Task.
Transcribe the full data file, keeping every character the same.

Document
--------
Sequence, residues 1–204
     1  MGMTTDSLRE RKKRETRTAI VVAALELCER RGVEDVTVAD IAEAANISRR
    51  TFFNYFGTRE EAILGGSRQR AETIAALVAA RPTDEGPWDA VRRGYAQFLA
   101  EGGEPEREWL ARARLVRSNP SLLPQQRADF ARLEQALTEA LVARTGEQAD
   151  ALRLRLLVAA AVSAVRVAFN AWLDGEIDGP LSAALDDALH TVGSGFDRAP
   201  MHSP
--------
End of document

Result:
Sequence, residues 1–204
     1  MGMTTDSLRE RKKRETRTAI VVAALELCER RGVEDVTVAD IAEAANISRR
    51  TFFNYFGTRE EAILGGSRQR AETIAALVAA RPTDEGPWDA VRRGYAQFLA
   101  EGGEPEREWL ARARLVRSNP SLLPQQRADF ARLEQALTEA LVARTGEQAD
   151  ALRLRLLVAA AVSAVRVAFN AWLDGEIDGP LSAALDDALH TVGSGFDRAP
   201  MHSP